Women and Girls are Rescued from Boko Haram Only to Be Raped by Nigerian Government Officials


A number women and girls rescued from Boko Haram have been subject to rape and abuse from Nigerian government officials, soldiers, and police who were supposed to be protecting them, according to Human Rights Watch.

Human Rights Watch documented sexual abuse, rape, and exploitation among 43 women living in seven placement camps in Maiduguri, the Borno state capital, since July 2016.

“It is bad enough that these women and girls are not getting much-needed support for the horrific trauma they suffered at the hands of Boko Haram,” said Mausi Segun, senior Nigeria researcher at Human Rights Watch. “It is disgraceful and outrageous that people who should protect these women and girls are attacking and abusing them.”

More than 10,000 civilians have been killed in the conflict with Boko Haram since 2009. At least 2,000 women and children have also been kidnapped, forced into marriage, or used as sex slaves.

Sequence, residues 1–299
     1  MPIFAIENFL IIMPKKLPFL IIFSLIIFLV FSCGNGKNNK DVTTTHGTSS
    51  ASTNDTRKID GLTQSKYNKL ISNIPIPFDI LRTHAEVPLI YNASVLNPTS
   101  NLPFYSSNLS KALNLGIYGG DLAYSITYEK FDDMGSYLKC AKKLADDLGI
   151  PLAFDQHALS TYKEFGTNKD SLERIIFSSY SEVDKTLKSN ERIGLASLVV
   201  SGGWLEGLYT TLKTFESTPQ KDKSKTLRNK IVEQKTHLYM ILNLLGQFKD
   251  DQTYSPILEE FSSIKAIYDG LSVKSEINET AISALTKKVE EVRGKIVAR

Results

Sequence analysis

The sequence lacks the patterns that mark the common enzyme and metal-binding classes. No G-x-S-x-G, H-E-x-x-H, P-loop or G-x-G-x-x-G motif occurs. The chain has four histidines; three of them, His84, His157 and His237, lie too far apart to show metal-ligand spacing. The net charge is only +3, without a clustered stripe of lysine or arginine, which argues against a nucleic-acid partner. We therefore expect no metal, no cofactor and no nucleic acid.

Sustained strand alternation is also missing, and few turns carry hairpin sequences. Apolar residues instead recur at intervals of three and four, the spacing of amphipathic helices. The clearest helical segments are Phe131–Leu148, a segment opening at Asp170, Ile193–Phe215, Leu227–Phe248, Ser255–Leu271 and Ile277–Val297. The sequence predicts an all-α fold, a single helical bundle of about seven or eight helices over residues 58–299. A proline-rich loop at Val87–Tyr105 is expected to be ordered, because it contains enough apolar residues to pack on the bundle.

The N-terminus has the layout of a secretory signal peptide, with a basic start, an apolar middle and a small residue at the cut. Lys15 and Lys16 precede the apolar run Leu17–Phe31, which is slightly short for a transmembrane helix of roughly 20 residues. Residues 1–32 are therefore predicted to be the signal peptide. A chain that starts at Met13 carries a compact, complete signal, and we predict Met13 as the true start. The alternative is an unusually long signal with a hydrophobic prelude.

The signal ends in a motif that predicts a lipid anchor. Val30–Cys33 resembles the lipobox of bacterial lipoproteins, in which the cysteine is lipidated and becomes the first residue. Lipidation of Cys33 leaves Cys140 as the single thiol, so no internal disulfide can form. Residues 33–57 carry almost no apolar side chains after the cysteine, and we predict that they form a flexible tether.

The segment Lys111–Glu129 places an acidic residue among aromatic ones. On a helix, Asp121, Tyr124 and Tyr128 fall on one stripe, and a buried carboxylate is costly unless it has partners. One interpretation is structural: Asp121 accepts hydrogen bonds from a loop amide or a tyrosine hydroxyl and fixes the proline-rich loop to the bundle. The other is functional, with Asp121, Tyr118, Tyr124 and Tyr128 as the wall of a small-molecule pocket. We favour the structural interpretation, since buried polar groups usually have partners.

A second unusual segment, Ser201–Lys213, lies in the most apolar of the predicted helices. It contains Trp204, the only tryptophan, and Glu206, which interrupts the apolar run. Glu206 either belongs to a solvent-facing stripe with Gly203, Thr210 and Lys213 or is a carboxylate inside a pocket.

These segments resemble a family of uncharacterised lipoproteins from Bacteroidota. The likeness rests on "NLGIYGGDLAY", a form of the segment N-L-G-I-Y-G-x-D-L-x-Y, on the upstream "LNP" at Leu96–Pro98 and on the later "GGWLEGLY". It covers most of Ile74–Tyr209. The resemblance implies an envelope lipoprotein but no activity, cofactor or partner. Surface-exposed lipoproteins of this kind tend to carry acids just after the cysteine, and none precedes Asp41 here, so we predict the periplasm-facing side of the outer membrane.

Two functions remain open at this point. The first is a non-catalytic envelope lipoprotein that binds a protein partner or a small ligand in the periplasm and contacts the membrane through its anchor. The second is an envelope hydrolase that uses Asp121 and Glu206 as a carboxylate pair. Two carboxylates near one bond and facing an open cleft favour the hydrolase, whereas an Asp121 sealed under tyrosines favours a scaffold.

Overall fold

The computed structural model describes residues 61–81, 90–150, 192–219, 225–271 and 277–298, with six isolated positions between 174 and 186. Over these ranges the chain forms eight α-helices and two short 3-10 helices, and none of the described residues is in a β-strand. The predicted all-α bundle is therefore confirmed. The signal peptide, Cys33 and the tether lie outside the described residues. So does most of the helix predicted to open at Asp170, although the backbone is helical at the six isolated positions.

Recently, 21 Chibok school girls were reunited with their families after being held by the terror group for more than two years.

According to a situational assessment reported by the Human Rights Watch, 66 percent of the 400 displaced people in Adamawa, Borno, and Yobe states said women were abused by camp officials.

Four victims who’ve shared their stories with the organization said they were drugged and raped. Another 37 said that they were coerced into sex through false promises of food and other help.

Women reported that camp guards demanded sexual favors before they go out of the camp to beg for food.

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